Throughout her 2016 campaign, former Secretary of State Hillary Clinton has not been hesitant to point out that she would be the first female presidential candidate, and first female president if elected. Poised to be the Democratic nominee near the very end of the primary season, Clinton has made history. Along the campaign trail, she has largely discussed feminism as the fight for gender equality. But Clinton's victory video takes an intersectional turn, pointing to a more expansive, modern view of what falls under feminism's scope.
Published on YouTube on June 7 as six states voted in the day's all-important Democratic primaries, "History Made" pays homage to prominent women's rights activists throughout U.S. history, featuring clips of their speeches interspersed with quotes from Clinton herself on gender equality. There's a notable shift when we hear a woman speaking to a crowd not about women's rights, but transgender rights: "I've met so many other transgender people. Their voices haven't always been heard. But I've told them, our time is coming. We're going to change the world together."
Toward the end of the video, Clinton strongly proclaims:
Women and men, young and old, Latino and Asian, African American and Caucasian, rich, poor, and middle class, gay and straight, you have stood with me, and I will continue to stand strong with you...
The 2016 presidential election is the first one in which the struggle for LGBT rights has been so visible. Both Clinton and Sen. Bernie Sanders have been vocal supporters of ending legal discrimination in employment and housing and protecting same-sex marriage and adoption rights. The struggles of LGBT individuals have featured if not prominently, then at least repeatedly, in the candidates' speeches and on their Twitter feeds. Both candidates have a section of their campaign websites dedicated to LGBT rights.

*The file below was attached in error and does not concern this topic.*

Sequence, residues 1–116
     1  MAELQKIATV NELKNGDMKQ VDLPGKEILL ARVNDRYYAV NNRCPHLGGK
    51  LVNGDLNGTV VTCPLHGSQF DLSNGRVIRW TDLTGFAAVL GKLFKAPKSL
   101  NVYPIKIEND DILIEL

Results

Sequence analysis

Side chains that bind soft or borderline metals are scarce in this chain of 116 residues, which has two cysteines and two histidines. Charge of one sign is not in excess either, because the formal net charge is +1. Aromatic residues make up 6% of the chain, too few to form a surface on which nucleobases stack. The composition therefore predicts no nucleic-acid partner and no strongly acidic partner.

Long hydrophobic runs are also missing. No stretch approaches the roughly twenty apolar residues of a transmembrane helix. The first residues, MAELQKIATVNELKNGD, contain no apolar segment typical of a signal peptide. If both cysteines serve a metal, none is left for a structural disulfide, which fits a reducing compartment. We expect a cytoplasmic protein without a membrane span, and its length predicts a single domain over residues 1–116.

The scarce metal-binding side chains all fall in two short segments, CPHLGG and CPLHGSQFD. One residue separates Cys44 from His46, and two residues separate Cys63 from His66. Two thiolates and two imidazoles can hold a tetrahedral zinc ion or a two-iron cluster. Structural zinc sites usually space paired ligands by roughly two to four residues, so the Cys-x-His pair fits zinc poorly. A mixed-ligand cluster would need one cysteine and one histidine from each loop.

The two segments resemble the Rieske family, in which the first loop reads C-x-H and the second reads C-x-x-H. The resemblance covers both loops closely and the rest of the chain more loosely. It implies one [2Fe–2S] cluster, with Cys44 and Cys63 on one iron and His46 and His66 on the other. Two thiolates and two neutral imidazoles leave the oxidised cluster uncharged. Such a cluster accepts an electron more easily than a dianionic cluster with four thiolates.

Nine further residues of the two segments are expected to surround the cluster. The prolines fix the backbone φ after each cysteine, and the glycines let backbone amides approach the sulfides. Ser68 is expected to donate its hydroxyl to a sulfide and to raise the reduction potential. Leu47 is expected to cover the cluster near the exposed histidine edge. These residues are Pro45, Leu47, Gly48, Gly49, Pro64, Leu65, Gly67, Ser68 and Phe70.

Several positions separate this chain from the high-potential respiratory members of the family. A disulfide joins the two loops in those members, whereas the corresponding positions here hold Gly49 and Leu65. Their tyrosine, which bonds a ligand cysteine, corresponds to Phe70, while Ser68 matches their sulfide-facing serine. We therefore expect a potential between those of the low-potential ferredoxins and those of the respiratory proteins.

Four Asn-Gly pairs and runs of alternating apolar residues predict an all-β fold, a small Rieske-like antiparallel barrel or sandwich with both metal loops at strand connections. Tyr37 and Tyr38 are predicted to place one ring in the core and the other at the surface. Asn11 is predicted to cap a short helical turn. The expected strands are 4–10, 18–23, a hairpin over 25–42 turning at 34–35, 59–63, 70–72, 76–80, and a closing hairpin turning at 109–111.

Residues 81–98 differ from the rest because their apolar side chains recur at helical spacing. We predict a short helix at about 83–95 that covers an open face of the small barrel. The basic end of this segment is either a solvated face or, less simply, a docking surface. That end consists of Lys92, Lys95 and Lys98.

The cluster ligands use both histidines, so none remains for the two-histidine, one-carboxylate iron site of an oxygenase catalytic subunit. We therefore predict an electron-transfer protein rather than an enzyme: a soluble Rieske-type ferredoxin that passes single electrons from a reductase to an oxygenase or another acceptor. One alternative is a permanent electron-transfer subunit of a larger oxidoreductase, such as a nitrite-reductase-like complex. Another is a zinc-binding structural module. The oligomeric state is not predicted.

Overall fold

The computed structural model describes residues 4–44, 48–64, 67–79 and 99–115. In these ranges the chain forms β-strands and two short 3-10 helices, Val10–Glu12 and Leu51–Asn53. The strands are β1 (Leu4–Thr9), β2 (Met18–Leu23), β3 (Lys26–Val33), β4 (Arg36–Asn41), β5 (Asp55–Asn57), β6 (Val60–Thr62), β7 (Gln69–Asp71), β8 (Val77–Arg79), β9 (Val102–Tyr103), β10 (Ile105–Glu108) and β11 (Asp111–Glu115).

Of course, lip service only goes so far; we need to consider Clinton's record on LGBT issues as well before declaring her the intersectional nominee. Clinton was an opponent of same-sex marriage equality until 2013. On a positive note, Clinton's State Department, during her tenure as secretary of state, made it easier for transgender individuals to change their gender designation on their passports. Aside from that, there isn't much else on the record.
Clinton has not only changed her tune on same-sex marriage, but developed and displayed an understanding for the unique struggles facing different demographics, including gay, lesbian, bi, and transgender individuals. This can give us hope that she may, if president, work to improve LGBT rights. The incorporation of a transgender activist in her victory video suggests that her campaign understands the LGBT community is not to be ignored, and that women aren't the only group still fighting for equality.
Image: Hillary Clinton/YouTube (1)